3. Make the Change to Electronic Signatures on Contracts

If you use reams of paper printing up contracts for your clients to sign, make the change to accepting electronic signatures. Many companies have gone to this method. Since electronic signatures are legally as valid as those done on paper, the contracts and agreements signed this way are just as valid and legally enforceable.

You can use tablets, some laptops, and even smartphones to capture signatures on documents. By doing so, you don’t have to print anything. Since in most cases you’d be printing at least two copies of the contract (one for you, one for them), you’re saving a huge amount of paper every year.

4. Scan your Paper Documents and then Ditch Them

Do you have an entire room dedicated to your paper files? Some places, especially large companies, universities, and medical centers, keep a huge number of paper records. But how many of those records are actually used on a regular basis? Even if you do need to find one, how easy is it to find a specific record from five years ago?

Going digital solves many of these issues. You’ll want to start with new records, of course. Start creating them as digital documents instead of paper. Then, when you have the time, you can start scanning your old records and creating a digital filing system. Even though this may take weeks or even months, look at the benefits:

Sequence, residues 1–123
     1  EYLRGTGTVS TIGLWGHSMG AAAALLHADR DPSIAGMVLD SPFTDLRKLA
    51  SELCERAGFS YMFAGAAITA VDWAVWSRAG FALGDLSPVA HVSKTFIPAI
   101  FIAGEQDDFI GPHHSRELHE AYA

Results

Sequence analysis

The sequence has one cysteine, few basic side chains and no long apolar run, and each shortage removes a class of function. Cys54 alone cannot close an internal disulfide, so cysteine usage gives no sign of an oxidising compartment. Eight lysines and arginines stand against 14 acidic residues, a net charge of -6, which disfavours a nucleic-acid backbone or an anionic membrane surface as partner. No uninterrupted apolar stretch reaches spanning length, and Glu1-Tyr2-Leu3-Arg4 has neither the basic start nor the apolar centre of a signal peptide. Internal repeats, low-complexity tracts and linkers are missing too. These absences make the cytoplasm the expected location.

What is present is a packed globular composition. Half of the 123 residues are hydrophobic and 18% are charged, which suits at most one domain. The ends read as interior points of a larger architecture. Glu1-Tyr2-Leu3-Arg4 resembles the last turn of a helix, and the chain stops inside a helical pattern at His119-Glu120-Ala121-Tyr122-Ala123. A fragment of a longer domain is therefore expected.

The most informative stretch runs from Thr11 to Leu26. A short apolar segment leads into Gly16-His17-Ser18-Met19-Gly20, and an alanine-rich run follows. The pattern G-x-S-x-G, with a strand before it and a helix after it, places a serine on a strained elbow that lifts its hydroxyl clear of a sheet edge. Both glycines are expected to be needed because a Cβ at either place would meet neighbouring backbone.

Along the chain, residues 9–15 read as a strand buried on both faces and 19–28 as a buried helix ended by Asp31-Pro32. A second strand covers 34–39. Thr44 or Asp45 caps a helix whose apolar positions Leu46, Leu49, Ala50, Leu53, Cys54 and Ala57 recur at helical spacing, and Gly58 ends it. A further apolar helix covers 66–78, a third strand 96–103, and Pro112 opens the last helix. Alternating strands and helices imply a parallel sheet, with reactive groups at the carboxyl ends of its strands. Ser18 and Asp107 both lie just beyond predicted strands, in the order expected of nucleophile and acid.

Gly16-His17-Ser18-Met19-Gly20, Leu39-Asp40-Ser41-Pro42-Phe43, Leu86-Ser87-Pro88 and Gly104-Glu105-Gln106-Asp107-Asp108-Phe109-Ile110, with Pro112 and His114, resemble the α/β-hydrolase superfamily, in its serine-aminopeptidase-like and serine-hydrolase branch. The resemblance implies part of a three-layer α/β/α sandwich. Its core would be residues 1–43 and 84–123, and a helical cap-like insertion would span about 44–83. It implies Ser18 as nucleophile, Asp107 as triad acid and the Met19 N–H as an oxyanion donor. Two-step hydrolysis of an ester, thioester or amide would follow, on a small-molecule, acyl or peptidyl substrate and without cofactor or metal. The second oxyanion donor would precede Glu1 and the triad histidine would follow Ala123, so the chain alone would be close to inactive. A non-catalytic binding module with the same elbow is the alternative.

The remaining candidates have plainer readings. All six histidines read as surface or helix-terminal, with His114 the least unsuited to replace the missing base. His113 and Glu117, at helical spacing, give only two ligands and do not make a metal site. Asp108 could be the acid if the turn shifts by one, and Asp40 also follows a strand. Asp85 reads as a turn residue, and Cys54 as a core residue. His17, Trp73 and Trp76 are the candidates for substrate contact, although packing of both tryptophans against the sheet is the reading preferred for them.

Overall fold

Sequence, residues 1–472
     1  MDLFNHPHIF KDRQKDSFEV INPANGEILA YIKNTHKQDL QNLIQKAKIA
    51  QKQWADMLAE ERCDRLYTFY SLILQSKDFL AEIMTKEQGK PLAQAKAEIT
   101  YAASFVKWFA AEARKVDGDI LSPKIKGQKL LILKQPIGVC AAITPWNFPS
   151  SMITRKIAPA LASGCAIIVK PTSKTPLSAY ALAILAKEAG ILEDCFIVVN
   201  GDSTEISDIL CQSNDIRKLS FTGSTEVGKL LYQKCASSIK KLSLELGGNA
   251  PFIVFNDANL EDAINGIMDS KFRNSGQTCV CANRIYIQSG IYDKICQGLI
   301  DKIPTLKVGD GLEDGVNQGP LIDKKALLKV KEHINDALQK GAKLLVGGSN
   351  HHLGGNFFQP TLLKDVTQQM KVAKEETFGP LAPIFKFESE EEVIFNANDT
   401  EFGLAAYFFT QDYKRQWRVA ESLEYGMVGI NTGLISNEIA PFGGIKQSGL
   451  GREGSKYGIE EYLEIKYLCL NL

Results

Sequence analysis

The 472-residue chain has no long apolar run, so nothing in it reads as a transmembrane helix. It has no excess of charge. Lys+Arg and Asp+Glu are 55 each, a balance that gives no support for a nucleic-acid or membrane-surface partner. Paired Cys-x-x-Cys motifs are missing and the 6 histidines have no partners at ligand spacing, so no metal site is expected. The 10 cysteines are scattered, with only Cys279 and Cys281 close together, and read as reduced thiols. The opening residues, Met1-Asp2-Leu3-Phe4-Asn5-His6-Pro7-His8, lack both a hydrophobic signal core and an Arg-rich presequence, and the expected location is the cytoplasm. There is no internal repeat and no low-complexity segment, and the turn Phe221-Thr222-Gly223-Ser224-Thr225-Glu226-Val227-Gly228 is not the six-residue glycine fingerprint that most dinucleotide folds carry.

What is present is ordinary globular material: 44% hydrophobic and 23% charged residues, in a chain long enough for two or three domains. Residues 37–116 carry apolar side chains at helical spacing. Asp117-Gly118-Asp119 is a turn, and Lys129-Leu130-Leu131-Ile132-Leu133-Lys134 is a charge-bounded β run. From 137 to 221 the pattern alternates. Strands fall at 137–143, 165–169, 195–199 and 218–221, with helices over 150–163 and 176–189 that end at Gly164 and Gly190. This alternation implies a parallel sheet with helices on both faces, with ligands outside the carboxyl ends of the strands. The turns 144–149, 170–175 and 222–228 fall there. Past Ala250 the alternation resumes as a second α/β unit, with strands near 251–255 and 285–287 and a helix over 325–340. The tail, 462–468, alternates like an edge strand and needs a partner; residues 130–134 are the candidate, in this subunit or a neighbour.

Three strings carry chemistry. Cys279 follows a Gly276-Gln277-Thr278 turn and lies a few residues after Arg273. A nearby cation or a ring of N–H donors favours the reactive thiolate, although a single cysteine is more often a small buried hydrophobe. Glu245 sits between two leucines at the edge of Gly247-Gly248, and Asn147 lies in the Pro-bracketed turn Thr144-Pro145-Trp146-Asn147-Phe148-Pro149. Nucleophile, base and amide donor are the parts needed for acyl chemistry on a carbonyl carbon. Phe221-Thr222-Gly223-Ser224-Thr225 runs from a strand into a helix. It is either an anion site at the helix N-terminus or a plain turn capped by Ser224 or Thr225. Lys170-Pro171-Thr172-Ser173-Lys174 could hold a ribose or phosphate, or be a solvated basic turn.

• You save paper and ink
  • You don’t need to purchase file folders or additional filing cabinets
  • You gain back all the space you used to store paper files
  • It takes less time to scan a document than it does to find the correct file to put it in or to create a new file
  • You can pull up a digital file from anywhere if it’s stored in the cloud
  • It’s much easier to search digital files than it is to search paper files

5. Reduce the Number of Printers you have


Another way to get people to use less paper in the office is to reduce the number of available printers. Does every employee need their own printer? Probably not. By making several people share a printer located outside of their offices, they may not print as much. You’ll also not have to buy as much ink or pay for as much printer maintenance.

6. Be Organized!

Some people put off going to a digital filing system because they’re afraid they won’t be able to find the files they need. That’s why it’s important to have a structure in place before you start creating new files as digital-only documents or scanning in older files.

Decide where these files will be saved and how they will be named. Will each client have their own folder? Will documents be saved with the client name and date or by some other reference? Once you decide on your system, make sure everyone knows what it is and sticks to it.

Are you ready to go paperless, or have you already make the switch? If so, how has it worked for you? Any other tips for maintaining a paperless workplace?

Posted by Peter Davidson

Being a senior business associate, Peter Davidson strives to help different brands and startups to make efficient business decisions and plan effective business strategies. With years of rich domain expertise, he loves to share his views on the latest technologies and applications through his well-researched content pieces. Follow him on Google+ and Twitter.